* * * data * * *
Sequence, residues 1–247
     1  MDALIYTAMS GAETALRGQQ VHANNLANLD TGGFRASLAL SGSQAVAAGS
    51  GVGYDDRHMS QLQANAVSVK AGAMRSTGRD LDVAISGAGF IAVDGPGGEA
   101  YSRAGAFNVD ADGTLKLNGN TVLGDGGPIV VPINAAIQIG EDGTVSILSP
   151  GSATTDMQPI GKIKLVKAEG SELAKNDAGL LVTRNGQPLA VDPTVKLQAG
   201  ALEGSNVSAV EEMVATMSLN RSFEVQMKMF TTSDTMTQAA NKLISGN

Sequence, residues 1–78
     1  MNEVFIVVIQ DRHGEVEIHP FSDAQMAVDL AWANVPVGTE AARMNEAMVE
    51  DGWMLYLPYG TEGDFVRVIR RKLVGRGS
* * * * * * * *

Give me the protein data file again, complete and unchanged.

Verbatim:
Sequence, residues 1–247
     1  MDALIYTAMS GAETALRGQQ VHANNLANLD TGGFRASLAL SGSQAVAAGS
    51  GVGYDDRHMS QLQANAVSVK AGAMRSTGRD LDVAISGAGF IAVDGPGGEA
   101  YSRAGAFNVD ADGTLKLNGN TVLGDGGPIV VPINAAIQIG EDGTVSILSP
   151  GSATTDMQPI GKIKLVKAEG SELAKNDAGL LVTRNGQPLA VDPTVKLQAG
   201  ALEGSNVSAV EEMVATMSLN RSFEVQMKMF TTSDTMTQAA NKLISGN

Sequence, residues 1–78
     1  MNEVFIVVIQ DRHGEVEIHP FSDAQMAVDL AWANVPVGTE AARMNEAMVE
    51  DGWMLYLPYG TEGDFVRVIR RKLVGRGS